The Importance of Decentralisation in Smart Cities
What is decentralisation? What does it have to do with smart cities? Is it important and if so, why?
What is decentralisation?
Although I’ve looked at tons of definitions, I’ll briefly highlight the two I felt were most relevant — the Cambridge dictionary defines it as: “to move the control of an organisation or government from a single place to several smaller ones”, but my personal favourite has to be Merriam-Webster’s which is “the dispersion or distribution of functions and powers”. While the context of both definitions seems to gravitate towards government/institutions, the definition of the latter can be extended to fit other scenarios such as computing. A great example of this is Blockchain; a decentralised network in which computing power, data and storage is distributed to prevent hijacking and malicious use of the network.
Decentralisation in computer/digital systems typically takes place through distribution of resources such as processing power, data storage or network bandwidth etc depending on the system function or overall goal.
What does it have to do with smart cities?
Well, in theory, smart cities will generate massive data footprints. Sensors will be embedded in almost any and every item; from toilet seats and roads to fridges and postboxes — everything, literally every damn thing, will effectively become a data point. This in itself is a problem. Every datapoint will generate data and eventually all this big data will need to be stored and processed. This may present an even bigger problem.
In a system with, potentially, tens of millions of distinct data points generating hundreds of terabytes of data; decentralisation could be key. Storing all this data in a single place (i.e. a centralised system) is a major risk as it threatens data security, integrity and availability. A single breach would compromise all captured data. It would would also mean that a system has a single point of failure.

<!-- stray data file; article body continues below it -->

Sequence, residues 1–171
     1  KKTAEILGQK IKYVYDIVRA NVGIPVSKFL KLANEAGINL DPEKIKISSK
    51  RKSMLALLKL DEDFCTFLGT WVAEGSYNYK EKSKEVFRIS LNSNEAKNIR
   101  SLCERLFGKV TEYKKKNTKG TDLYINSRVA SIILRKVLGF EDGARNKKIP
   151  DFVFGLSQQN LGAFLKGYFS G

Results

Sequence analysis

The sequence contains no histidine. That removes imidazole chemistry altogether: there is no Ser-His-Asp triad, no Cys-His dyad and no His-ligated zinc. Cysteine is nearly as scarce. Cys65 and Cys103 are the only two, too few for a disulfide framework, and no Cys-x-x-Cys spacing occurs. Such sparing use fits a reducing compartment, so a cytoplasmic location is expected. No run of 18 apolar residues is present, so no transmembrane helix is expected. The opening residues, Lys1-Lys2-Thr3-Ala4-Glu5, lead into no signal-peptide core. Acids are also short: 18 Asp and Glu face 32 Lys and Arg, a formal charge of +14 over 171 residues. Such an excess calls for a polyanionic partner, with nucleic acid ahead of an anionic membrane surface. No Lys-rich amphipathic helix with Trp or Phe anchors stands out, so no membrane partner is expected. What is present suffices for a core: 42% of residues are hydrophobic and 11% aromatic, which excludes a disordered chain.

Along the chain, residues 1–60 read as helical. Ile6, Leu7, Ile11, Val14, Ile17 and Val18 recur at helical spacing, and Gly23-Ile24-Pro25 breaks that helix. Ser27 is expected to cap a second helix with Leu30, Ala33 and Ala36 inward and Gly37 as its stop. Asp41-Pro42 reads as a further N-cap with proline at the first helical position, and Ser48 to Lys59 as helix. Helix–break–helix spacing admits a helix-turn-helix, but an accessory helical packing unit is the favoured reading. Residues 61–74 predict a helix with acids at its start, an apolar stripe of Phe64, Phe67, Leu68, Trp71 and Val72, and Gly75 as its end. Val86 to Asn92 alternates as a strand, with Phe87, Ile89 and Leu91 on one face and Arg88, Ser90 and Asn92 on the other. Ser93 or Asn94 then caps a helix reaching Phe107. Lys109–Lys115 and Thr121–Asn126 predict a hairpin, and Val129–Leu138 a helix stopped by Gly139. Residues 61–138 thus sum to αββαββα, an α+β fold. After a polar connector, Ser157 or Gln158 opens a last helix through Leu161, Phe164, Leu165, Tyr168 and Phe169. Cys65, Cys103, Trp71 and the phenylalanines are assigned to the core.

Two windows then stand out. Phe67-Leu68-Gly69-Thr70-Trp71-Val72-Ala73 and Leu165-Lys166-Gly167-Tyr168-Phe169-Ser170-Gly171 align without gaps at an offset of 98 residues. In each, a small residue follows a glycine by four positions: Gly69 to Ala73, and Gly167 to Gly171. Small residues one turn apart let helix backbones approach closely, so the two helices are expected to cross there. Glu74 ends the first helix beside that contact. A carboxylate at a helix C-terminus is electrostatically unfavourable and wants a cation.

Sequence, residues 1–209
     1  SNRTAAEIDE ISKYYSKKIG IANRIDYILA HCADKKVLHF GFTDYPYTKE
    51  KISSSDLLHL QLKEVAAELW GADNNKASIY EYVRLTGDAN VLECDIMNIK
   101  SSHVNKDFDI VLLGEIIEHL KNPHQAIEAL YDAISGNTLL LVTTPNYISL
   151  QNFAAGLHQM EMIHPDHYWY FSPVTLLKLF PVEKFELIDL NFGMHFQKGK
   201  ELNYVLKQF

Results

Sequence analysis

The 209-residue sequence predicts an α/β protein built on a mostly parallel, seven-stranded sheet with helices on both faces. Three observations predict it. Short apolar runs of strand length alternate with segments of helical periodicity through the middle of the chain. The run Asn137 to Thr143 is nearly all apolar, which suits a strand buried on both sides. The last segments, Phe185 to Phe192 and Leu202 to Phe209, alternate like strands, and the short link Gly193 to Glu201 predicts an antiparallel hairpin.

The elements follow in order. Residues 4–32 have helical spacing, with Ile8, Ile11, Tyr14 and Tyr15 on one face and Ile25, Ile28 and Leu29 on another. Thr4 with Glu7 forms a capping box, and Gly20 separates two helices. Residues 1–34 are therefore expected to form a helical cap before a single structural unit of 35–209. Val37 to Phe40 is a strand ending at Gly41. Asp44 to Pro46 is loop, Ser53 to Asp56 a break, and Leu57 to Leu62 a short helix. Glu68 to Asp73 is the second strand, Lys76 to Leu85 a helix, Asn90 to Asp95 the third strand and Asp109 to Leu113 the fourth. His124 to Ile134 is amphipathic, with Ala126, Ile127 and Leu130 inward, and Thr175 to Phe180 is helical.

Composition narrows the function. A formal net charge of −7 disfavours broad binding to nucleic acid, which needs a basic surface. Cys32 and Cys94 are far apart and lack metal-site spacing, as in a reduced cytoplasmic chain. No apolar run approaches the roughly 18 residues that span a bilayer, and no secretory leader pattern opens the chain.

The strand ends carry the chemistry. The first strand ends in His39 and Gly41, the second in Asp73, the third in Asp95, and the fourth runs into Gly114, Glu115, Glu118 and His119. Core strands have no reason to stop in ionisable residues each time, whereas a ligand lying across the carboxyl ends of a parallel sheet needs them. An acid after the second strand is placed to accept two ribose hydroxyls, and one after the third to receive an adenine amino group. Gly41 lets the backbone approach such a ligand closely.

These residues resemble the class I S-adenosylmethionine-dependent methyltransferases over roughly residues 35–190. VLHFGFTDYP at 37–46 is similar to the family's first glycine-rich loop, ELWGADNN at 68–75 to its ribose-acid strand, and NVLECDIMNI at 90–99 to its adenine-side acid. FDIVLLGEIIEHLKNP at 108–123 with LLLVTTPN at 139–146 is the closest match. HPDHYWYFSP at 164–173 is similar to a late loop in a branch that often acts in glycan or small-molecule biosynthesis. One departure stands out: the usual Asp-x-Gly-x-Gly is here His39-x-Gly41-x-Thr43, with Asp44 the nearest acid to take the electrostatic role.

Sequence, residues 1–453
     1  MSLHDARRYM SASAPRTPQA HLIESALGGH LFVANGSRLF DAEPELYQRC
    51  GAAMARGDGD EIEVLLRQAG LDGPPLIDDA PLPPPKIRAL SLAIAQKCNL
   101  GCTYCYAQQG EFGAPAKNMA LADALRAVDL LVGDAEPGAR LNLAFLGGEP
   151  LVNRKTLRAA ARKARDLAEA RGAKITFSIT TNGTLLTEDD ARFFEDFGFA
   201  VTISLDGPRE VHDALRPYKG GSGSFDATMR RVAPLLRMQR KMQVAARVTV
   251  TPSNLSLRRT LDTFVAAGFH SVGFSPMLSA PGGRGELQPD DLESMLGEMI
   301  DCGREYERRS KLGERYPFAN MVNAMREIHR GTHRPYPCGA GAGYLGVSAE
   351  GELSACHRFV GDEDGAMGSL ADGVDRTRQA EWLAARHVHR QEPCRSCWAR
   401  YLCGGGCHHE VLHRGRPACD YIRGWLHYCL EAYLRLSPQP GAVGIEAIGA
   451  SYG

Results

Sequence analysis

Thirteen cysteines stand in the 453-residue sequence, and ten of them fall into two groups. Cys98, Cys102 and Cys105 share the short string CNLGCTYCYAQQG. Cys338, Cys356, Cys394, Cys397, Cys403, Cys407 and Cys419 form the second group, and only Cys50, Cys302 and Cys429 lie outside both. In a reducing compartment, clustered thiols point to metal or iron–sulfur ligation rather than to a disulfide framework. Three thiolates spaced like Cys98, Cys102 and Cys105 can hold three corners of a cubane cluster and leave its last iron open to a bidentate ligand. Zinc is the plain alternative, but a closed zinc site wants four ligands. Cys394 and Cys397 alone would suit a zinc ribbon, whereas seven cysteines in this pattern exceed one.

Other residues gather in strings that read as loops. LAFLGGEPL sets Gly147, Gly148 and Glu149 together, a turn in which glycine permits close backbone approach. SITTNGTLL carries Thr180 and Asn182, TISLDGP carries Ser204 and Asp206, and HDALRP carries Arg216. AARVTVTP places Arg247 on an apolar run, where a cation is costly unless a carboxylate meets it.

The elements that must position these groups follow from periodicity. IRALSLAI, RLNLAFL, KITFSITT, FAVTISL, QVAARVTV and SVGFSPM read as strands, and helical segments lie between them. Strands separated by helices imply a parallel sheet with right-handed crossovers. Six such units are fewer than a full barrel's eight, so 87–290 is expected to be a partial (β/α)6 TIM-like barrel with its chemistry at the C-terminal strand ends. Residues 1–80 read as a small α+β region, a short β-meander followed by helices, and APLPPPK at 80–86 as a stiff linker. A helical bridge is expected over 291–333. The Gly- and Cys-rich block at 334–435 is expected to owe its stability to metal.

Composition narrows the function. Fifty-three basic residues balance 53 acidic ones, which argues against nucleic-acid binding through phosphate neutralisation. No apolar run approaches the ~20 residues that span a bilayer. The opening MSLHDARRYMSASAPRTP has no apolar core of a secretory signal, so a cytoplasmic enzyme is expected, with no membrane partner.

Decentralisation can overcome the storage problems centralised systems face by dispersing captured data to multiple points instead of a single point.
This provides a critical boost to data integrity. For instance, let’s assume that we have a system S1 where the same data is captured and dispersed to 5 locations simultaneously and we also have a system S2 where the data is captured and stored directly in 1. For a breacher to manipulate data in S1, they would need to gain majority power in the network i.e. they would need to gain access and manipulate the data in 3 out of 5 locations simultaneously to bring the system to a ‘consensus’. While in S2, as mentioned previously, a single breach would compromise the entire system. Aside from this, there would be cryptographically secure protocols in place to further secure data in both systems. The conclusion is data manipulation becomes more infeasible as the network grows larger and data integrity is made stronger in S1. The ‘consensus model’ aims to deliver a system that provides true equity.
Confidentiality of data can be boosted by designing, developing and applying anonymity algorithms to data. Data availability depends on ‘who’ has access to ‘what’ data and overall data transparency. A public system in which everybody can read but not write data might not be appealing in the health sector but might be encouraged in the public services to see how taxes are being spent.
In order to process the vast amounts of data captured by smart cities, a decentralised approach should be encouraged for fast, scalable and fault tolerant data processing. By distributing compute power resources, excessive pressure is taken off multiple systems, such as servers and even the national grid, and this provides a more efficient ecosystem. For example, if smart city M needed to process some non-sensitive data but didn’t have enough compute resources, then they could share the compute resources of neighbouring smart city N.
Is Decentralisation important in Smart Cities?
Imagine how effective the emergency services or public transport systems would be if they made use of a decentralised system. No wasting of time with bulky and lengthy processes/red tape. Communication between the police, fire brigade and NHS would be transparent and instantaneous — cutting down casualties from any incident and eventually leading to better standards of living for all inhabitants of any smart city.
A decentralised system would also mean decommissioning of old legacy systems. There would be massive savings across the board; only one system needs to be maintained, no need to train staff on using 49,252,120 different systems, security and compliance will be improved as it’s focused on a single system. This would result in faster, improved services and happier citizens.
Decentralisation could also encourage more transparent politics. By making all data public and available to every citizen, politicians will be made accountable and can be challenged for any unreasonable expenses incurred using the the taxpayers money.
Decentralisation could make the entire smart city experience seamless and seems to be the best way to push forward and develop the cities of tomorrow.